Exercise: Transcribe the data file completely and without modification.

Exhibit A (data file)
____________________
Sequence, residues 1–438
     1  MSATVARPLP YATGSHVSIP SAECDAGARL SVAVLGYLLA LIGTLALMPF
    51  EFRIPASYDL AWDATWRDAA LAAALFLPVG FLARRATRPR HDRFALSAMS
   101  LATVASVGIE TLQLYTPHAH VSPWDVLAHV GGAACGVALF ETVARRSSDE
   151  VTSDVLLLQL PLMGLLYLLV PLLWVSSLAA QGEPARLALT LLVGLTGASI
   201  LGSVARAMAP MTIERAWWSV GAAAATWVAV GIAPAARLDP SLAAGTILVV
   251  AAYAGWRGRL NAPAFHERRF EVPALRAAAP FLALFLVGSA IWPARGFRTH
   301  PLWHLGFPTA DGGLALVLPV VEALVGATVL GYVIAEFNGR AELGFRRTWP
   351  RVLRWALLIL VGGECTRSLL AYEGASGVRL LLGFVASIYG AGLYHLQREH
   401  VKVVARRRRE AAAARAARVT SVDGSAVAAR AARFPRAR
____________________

Sequence, residues 1–438
     1  MSATVARPLP YATGSHVSIP SAECDAGARL SVAVLGYLLA LIGTLALMPF
    51  EFRIPASYDL AWDATWRDAA LAAALFLPVG FLARRATRPR HDRFALSAMS
   101  LATVASVGIE TLQLYTPHAH VSPWDVLAHV GGAACGVALF ETVARRSSDE
   151  VTSDVLLLQL PLMGLLYLLV PLLWVSSLAA QGEPARLALT LLVGLTGASI
   201  LGSVARAMAP MTIERAWWSV GAAAATWVAV GIAPAARLDP SLAAGTILVV
   251  AAYAGWRGRL NAPAFHERRF EVPALRAAAP FLALFLVGSA IWPARGFRTH
   301  PLWHLGFPTA DGGLALVLPV VEALVGATVL GYVIAEFNGR AELGFRRTWP
   351  RVLRWALLIL VGGECTRSLL AYEGASGVRL LLGFVASIYG AGLYHLQREH
   401  VKVVARRRRE AAAARAARVT SVDGSAVAAR AARFPRAR